God’s ways are indeed mysterious. They defy reason and far outstrips every religious idea derived from the tree to knowledge of good and evil. In Genesis 20 we learn that Abraham and Sarah is sojourning in Gerar.
To our astonishment we come to know that both of them lied to king Abimelech concerning their marriage. What is even more astonishing is that God never rebukes them for lying. The word sin is totally absent from the narrative in relation to God’s faith heroes.
The one who is charged by God is the king for taking Sarah into his harem. The king pleads his innocence in the matter, but to no avail. God is adamant that he is the guilty one. Abimelech tries to explain that he hasn’t touched her to which God replies: I kept you from touching her.
A couple of pertinent questions now arise: Why didn’t God keep Abimelech from taking Sarah in the first place? Why didn’t God keep Abraham and Sarah from lying?
Let it be known that God is an eternal will to all goodness who desires to see all men come to the knowledge of the truth and be saved. Every son is His co-worker in this glorious task. As a partaker of Divine nature every son is for others even though this startling fact can be hidden to us if we judge by appearances.
The main theme of this parable is God’s desire to forgive and heal the king. Abraham and Sarah quite inadvertently became God’s partners in His undertaking perfectly led by the Spirit as He found pleasing under the present circumstances.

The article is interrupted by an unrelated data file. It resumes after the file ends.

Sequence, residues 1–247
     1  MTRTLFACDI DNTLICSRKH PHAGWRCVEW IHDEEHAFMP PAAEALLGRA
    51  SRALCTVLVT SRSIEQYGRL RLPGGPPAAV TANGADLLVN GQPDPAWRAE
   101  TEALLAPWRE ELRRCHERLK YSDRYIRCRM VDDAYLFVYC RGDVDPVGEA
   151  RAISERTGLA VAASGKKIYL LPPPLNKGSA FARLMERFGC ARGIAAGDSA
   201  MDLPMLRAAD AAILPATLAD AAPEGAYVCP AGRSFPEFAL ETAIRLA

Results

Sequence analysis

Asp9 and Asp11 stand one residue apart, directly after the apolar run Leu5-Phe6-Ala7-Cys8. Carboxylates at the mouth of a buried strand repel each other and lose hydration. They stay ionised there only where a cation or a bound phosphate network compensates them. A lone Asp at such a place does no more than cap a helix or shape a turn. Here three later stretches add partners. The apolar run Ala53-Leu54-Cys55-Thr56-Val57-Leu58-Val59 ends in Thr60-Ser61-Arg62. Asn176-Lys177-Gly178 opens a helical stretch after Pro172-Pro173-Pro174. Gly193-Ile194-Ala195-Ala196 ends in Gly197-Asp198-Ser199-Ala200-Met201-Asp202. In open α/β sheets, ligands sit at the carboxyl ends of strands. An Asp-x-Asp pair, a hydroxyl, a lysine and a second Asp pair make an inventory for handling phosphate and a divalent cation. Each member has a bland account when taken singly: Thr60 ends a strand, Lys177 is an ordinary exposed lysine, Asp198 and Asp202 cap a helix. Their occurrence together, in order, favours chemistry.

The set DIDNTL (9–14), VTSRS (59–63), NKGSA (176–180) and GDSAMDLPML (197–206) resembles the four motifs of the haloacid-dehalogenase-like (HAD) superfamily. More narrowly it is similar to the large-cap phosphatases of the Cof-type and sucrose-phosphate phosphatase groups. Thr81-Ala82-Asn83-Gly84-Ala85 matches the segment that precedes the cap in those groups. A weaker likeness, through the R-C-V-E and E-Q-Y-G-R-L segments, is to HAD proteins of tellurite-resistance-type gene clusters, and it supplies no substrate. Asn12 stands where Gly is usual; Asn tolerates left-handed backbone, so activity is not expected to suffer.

Abraham overtly admits that fear came over him and from his limited vantage point that was the overarching reason for his lying. I love the fact that Abraham doesn’t communicate any shame when he recounts what took place between him and Sarah before she was taken by the king. And he does so in the face of rather severe accusations from the King.
It is the king (here a type of our accuser) who uses the word sin and in strong language tries to condemn Abraham. God, however, displays no hesitance in calling His beloved Abraham a prophet and further authorizes him to make intercession for the king and his house.
What confounds every religious inclined mind further is that in the course of all that transpires Abraham’s and Sarah’s riches are increased (The unsearchable riches of Christ), and by that our Father smothers every voice that cries foul play and insists that Abraham and Sarah should have been punished.
This story convincingly and empathically also demonstrates that God is our keeper and that He leads us perfectly on all His ways. It is also comforting to witness how God takes care of His own and protects them. He vigorously intervenes on Abraham’s and Sarah’s behalf and makes sure Sarah is returned unscathed to Abraham.
This is also a parable of faith, because Abraham never asks the question we all are tempted to ask in adverse and peculiar circumstances: “Why? Why is this happening to me?” Eckhart wrote: “It is out of this inner ground (the most inward part of our spirit where the Son is birthed) that you should perform all your works without asking, ‘Why?’.”